This is me, Eccles

This is me, Eccles
This is me, Eccles

Thursday 7 August 2014

The Pilgrim's Ogress 8: Getting tough with ISIS

Continued from Part 7.

The story so far: Eccles and his Aunt Moly are on a pilgrimage, and have now arrived in Portugal. Prime Minister David Cameron takes up the story.

Cameron and fish

I may not care about ISIS but I'm very worried about iced fish.

As Prime Minister, I find that a period of rest and relaxation is a very important part of my job, and so Samantha and I headed for Cascais in Portugal, in order to recharge our batteries by making an in-depth study of fish markets. We were just giggling at an overgrown Scottish Salmond that had run aground and been caught out, when in walked a young man in a red biretta accompanied by an old lady clutching a gin bottle.

"Enjoying your holiday?" asked the rather vacant-looking man, whose name, it later transpired, was Eccles.

"This is a time for difficult, and I may say, unpopular decisions," I replied sternly. "I have a positive vision of what is needed for a fair and just dinner tonight; however, I still have to convince Samantha that our future depends on going for the efficiency and flexibility of a meal based on haddock, rather than the more popular short-term alternative of cod."

"Oh really. Heard the news, by the way?" asked Eccles. "ISIS is committing genocide in the Middle East, Christians are being massacred, and President Obama has responded by getting his golf handicap down to 22."

Galloway MP

George Galloway - hitting Israel where it hurts by banning their tourists from Bradford.

"Woeful!" screeched the old lady who, I later discovered, was Eccles's aunt.

"Yes, I thought things had gone quiet," I rejoined. "We seem to have lost someone called Baroness Whowasshe over the Gaza issue - I was never quite sure how she got into my government in the first place - and she was a Muslim woman, so I am going to have to use Google to find another. Also, Boris wants my job again."

"So you don't propose to do anything to help the Christians in Mosul, or the Yazidis on Mount Sinjar?"

"Oh no, I don't think that would be very popular with our focus groups," I explained. "There are no votes in helping Christians - they refuse to subscribe to my core policy of seizing the middle ground between Good and Evil. And although it might be nice on the grounds of equality and diversity to save a few Yazidi refugees with their 'Peacock Angel' temples, this is not going to help me win the 2015 election, is it? I might alienate the Muslim terrorist vote."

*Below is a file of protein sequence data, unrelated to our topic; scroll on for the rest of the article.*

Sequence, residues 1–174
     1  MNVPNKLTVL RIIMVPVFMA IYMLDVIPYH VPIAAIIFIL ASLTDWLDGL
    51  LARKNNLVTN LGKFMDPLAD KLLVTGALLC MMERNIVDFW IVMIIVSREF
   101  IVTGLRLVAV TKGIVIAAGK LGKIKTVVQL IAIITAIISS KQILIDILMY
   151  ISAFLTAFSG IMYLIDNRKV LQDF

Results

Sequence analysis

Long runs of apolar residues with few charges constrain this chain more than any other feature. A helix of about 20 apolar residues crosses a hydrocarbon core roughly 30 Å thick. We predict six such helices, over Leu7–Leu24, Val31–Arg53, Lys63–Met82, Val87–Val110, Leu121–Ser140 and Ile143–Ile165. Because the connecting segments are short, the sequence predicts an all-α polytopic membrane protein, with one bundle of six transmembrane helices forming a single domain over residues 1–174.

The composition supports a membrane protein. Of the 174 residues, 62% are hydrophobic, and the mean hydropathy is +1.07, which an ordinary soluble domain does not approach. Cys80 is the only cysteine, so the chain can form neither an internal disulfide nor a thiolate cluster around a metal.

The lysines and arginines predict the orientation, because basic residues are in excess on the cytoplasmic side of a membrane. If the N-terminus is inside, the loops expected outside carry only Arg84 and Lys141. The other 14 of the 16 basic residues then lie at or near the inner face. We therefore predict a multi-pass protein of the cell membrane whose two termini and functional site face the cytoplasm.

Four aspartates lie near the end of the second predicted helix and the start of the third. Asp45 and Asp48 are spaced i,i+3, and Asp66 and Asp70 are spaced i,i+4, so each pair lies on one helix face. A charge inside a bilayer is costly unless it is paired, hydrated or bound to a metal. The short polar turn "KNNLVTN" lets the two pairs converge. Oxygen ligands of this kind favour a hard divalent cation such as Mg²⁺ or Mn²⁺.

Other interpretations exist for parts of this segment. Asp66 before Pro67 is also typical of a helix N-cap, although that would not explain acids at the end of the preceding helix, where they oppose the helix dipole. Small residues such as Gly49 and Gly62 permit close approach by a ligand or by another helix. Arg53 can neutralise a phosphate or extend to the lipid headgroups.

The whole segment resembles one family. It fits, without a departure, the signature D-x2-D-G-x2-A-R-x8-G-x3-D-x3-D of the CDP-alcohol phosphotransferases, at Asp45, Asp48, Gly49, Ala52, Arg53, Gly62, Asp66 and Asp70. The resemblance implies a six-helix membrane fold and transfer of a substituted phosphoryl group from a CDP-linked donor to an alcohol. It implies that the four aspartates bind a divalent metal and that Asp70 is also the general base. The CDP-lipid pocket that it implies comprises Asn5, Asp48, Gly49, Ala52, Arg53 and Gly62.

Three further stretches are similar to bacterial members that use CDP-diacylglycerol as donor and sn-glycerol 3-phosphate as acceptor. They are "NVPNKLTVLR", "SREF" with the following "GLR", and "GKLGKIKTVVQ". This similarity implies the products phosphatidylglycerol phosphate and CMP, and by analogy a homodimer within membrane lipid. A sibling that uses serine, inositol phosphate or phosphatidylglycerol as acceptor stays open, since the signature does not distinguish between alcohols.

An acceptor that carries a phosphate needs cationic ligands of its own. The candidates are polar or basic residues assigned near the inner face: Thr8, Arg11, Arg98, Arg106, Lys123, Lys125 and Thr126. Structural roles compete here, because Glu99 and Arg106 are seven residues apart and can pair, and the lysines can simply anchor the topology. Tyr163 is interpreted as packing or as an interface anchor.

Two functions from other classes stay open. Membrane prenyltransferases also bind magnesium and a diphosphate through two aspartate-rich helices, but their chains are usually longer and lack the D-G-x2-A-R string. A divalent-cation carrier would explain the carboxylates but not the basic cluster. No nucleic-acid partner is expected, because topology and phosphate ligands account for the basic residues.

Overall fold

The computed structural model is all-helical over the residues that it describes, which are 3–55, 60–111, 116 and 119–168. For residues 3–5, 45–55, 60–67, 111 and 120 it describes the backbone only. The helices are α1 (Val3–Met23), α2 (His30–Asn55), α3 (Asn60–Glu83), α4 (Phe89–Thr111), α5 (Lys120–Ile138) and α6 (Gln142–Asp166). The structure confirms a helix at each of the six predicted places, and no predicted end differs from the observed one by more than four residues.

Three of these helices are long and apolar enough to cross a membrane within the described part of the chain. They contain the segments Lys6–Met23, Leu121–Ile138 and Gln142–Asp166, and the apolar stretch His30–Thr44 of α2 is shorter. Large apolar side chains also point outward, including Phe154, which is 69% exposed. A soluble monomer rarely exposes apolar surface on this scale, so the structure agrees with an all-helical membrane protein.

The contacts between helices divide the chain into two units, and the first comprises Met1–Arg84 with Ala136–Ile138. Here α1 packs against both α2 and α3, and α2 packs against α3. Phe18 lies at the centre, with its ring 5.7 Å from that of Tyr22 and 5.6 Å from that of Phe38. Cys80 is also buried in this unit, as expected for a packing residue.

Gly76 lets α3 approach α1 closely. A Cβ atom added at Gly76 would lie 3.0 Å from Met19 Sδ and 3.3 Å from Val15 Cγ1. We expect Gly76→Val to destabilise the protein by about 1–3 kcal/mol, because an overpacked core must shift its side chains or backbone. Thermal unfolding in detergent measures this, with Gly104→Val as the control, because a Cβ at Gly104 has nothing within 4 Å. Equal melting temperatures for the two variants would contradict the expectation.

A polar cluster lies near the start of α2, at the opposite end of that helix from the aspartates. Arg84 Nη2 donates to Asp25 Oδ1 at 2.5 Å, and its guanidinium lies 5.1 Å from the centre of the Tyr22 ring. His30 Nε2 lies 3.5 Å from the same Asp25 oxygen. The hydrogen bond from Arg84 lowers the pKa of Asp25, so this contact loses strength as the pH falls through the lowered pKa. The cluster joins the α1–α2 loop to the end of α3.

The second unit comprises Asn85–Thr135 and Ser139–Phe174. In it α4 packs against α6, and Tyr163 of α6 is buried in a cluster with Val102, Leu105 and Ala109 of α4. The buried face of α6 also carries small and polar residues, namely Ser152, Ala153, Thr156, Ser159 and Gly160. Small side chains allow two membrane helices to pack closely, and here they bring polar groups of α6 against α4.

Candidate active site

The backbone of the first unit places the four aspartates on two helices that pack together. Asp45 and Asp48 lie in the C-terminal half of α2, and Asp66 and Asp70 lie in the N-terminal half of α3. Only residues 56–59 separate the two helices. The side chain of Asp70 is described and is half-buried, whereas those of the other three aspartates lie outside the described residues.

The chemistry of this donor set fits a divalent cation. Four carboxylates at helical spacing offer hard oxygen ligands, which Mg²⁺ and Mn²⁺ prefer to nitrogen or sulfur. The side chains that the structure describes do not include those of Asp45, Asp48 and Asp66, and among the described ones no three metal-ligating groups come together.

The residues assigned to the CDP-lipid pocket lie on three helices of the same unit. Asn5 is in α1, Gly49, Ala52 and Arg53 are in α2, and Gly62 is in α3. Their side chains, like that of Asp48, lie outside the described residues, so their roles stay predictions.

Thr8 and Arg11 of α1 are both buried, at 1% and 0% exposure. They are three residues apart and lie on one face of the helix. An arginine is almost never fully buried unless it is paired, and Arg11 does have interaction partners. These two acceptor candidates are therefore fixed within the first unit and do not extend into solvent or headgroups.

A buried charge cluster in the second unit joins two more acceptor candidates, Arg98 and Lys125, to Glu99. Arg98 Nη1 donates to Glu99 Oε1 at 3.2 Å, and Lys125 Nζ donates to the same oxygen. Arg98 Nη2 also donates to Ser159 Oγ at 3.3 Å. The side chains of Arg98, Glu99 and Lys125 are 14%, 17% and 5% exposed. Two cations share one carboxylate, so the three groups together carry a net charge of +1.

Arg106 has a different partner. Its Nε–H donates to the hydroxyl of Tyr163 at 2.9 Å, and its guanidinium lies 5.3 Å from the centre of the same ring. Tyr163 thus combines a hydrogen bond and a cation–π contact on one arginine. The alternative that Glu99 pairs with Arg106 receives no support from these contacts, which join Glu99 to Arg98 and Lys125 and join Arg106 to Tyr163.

Melek Taus

No votes in peacock angels.

"Have you no shame? No conscience?" asked Eccles, his originally-placid countenance suddenly as twisted as Vince Cable gets when I tell him his sums are all wrong.

Luckily, I never go shopping for fish without my personal bodyguard - there are sharks everywhere - and Eccles was hastily escorted away. I have a deep conviction that my policies - based on the old legal maxim of caput in arena*, will soon be widely accepted, even amongst the small Christian community, but it is an uphill struggle to convince them!


Continued in Part 9.


  1. Do you know for a moment I thought the Galloway photo was of Pope Francis being humble, admittedly near a rather plush sofa.
    In what way does he consider being banned from Bradford a hardship? A nice Victorian necropolis at Undercroft & the Alhambra (theatre) apart I can think of no great attractions.

  2. I thought Galloway was the Pope too, for more than a moment ('oh, no what's he doing now'). Galloway is obviously much more measured and circumspect in his statements as he doesn't need minders to say that he didn't actually say what everyone seemed certain that he had said. According to my morning paper, Galloway's minders say 'Yes he said that and he meant it' - refreshing stuff. Francis has already assured us that Islam is a religion of peace, any chance of a swap?